The UK is set to implement a new statutory instrument (SI) to align the scope of the UK’s criminal insider dealing regime with the corresponding civil regime.
The Criminal Justice Act 1993 provides the UK’s criminal insider dealing offences and is supplemented by the Insider Dealing (Securities and Regulated Markets) Order 1994, which sets out 49 relevant markets for the purpose of criminal insider dealing. However, that list is outdated and includes several exchanges that have been renamed or do not exist anymore, as well as omitting important exchanges such as the New York Stock Exchange (NYSE).
The criminal regime is particularly deficient when compared with the UK’s civil insider dealing regime, provided in the Market Abuse Regulation (MAR).
The new draft SI is set to improve the criminal regime so that it will apply to over 400 markets and a wider selection of financial instruments, in particular by:
- updating the list of relevant markets in line with MAR, to include any UK, EU or Gibraltar: regulated market (e.g. the London Stock Exchange); multilateral trading facility (e.g. AIM); and organised trading facility;
- including a further three markets that will be relevant for the criminal regime, but that are not currently in scope for MAR, being any market established by: (i) NASDAQ; (ii) SIX Swiss Exchange; or (iii) the NYSE; and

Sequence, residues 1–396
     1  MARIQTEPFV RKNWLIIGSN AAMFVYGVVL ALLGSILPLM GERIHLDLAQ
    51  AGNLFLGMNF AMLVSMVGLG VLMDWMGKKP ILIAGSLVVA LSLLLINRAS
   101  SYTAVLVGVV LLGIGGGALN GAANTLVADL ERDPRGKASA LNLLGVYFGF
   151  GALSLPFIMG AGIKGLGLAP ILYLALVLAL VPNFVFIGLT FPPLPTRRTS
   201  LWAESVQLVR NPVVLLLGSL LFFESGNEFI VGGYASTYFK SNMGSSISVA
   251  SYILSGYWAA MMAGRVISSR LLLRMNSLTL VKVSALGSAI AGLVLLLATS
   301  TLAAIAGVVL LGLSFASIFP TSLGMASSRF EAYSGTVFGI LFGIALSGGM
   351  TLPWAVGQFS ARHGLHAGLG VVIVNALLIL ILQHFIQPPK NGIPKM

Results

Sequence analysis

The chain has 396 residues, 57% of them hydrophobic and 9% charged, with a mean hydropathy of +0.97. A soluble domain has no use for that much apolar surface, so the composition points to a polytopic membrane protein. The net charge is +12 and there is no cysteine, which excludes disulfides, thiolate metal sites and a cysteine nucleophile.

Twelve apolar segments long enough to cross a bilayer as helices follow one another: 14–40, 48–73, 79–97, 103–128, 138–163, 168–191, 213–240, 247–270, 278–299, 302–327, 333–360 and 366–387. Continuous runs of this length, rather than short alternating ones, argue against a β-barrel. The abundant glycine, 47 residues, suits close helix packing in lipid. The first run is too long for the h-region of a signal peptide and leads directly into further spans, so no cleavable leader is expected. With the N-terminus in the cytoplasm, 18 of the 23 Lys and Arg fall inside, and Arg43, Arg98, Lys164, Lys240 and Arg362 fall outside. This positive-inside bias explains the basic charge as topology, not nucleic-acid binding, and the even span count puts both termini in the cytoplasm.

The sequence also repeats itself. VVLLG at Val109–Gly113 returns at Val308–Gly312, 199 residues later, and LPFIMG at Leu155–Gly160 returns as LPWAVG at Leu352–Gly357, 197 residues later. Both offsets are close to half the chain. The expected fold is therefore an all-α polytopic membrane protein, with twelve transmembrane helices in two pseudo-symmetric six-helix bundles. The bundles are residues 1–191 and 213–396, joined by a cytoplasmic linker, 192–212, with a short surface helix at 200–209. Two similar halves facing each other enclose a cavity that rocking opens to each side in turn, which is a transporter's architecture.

- expanding the list of relevant securities in line with the civil regime to include, for example, exchange traded funds and currency options.
The Treasury has explained that the inclusion of additional markets in the criminal framework beyond the existing scope of MAR is necessary for the FCA to tackle a “persistent trend” of organised crime groups recruiting individuals in the UK with insider knowledge relating to securities on these markets.
These changes are long overdue. In 2015, the Treasury, Bank of England and FCA jointly conducted The Fair and Effective Markets Review, which recommended that the UK criminal framework for insider dealing be updated to include a wider range of financial instruments. The new SI is a sensible and uncontroversial step to bring those recommendations into effect and we can expect these changes to come into force in short order. The changes should not prove burdensome for firms already required to comply with MAR.
The new SI has added significance following the FCA’s warnings in recent years of the heightened risk of insider dealing resulting from increased home working and ease of access to financial markets. Despite this warning, the FCA has been criticised for a decline in insider dealing investigations in the same period. We will watch with interest whether these updates to the criminal regime stimulate an increase in prosecutorial activity from the FCA.